Pet Interaction and Saliva?

Is it appropriate for parrots and other animals (e.g., cats) to interact?  In addition, is there a danger to parrots from animal saliva in the case of a bite? And, is human saliva a danger to parrots?

I was wondering if anyone else was looking at ‘Tweety and Sylvester’ as a potential disaster!!  There are always the stories of the cat that ‘grooms’ the bird, the dog that lets the bird ride on its head, the bird that seeks out the company of the other pets in the household, and I can’t say that these anecdotes aren’t charming; we all love the idea that the ‘lion lays down with the lamb’.  But if we look at pet interaction in terms of the potential problems, it can become much less cute.

As with anything owners should go into a pet interaction armed with information.  It is a fact that instinct is instinct.  A cat may be absolutely benign while ‘playing’ with the bird, but playfulness in cats and kittens often involves extended claws, especially as the game escalates and the ‘toy’ keeps moving.

It is a fact that even a tiny knick in the skin of a bird by a cat’s claw or tooth can inject enough bacteria (that is normal to the cat) into the bird that it can die within 24 hours.  A retriever may ‘soft mouth’ a bird, picking it up and setting it down, but the from the bird’s perspective, it has been snatched into the jaws of a carnivore, only to be dropped wet, cold and possibly bruised!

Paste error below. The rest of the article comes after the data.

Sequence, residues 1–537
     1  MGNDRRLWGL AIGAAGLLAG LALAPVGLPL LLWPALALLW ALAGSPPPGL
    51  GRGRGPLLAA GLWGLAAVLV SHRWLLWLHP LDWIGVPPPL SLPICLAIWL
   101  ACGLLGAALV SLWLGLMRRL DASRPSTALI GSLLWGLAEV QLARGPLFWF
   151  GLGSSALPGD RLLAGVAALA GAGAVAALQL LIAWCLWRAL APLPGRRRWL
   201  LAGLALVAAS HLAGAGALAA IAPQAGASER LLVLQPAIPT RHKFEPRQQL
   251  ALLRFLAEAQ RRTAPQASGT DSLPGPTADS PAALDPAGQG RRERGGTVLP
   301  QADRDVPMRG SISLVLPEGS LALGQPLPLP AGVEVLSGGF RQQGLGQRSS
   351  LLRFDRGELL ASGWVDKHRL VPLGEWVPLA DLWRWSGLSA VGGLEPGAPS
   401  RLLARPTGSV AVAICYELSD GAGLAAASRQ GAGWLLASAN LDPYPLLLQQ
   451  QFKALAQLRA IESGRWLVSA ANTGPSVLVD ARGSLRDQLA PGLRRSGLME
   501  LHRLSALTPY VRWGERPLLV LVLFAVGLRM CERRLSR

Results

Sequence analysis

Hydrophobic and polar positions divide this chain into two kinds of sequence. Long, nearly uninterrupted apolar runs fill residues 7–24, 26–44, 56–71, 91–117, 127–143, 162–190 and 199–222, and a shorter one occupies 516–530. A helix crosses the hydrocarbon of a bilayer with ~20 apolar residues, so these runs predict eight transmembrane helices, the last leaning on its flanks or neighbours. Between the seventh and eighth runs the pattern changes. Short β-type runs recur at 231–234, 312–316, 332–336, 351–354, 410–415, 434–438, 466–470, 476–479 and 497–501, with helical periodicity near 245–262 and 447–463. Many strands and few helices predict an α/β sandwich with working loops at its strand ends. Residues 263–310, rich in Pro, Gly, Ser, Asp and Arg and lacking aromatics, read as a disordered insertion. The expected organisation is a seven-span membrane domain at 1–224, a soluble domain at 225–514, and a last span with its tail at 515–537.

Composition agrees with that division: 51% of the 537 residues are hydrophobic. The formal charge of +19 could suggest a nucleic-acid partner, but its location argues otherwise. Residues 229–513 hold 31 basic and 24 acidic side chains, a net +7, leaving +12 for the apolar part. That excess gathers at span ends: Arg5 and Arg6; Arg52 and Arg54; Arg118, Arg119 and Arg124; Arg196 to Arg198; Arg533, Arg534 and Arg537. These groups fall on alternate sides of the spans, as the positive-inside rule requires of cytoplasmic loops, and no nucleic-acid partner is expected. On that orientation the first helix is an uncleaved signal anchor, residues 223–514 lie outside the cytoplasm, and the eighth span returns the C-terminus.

I would think that a cat ‘harmlessly’ staring into a bird’s cage, ‘but never touching it’ would be like someone threateningly standing outside your front window, but ‘never coming in’.  Your attention wouldn’t be far from the potential threat and your body would continually be flooded with adrenalin in a ‘flight’ response.

So why do birds not act more ‘afraid’ of the family dog or cat?  One could speculate that in the ‘flock’ that is family, the human flock members don’t act as though the animal is a threat and the bird, as a flock member, takes signals from the rest of the flock.  In nature, a bird has the ability to fly away from a threat in a moment (think of the magpies on the road when the car is coming), but at home, many of our pet birds are wing clipped, removing that instinctual escape route and potentially creating a dangerous situation.  And as we all know too well, birds love action. Name me an Amazon that wouldn’t love the ensuing drama of nipping a dog or cat on the nose or tail – I can almost hear the peals of laughter coming from that beak!!

The bottom line has to be this.  If you have a multiple pet household, don’t become complacent.  All pet interactions (and child pet interactions) should be supervised.  Cats and dogs should be discouraged from behaviour that could escalate into something dangerous.  If there is any doubt about what occurred during the interaction, have your bird examined by an avian veterinarian.  And accept that some pets just should NOT be interacting.  The risk is just too high.

And, is human saliva a danger to parrots?

Human saliva can carry bacteria that could potentially be harmful to birds.  We do not recommend ‘sharing’ chewed food or letting a bird preen a person’s lips.

Respectfully submitted

Dr. Kerry Korber
Calgary Avian & Exotic Pet Clinic

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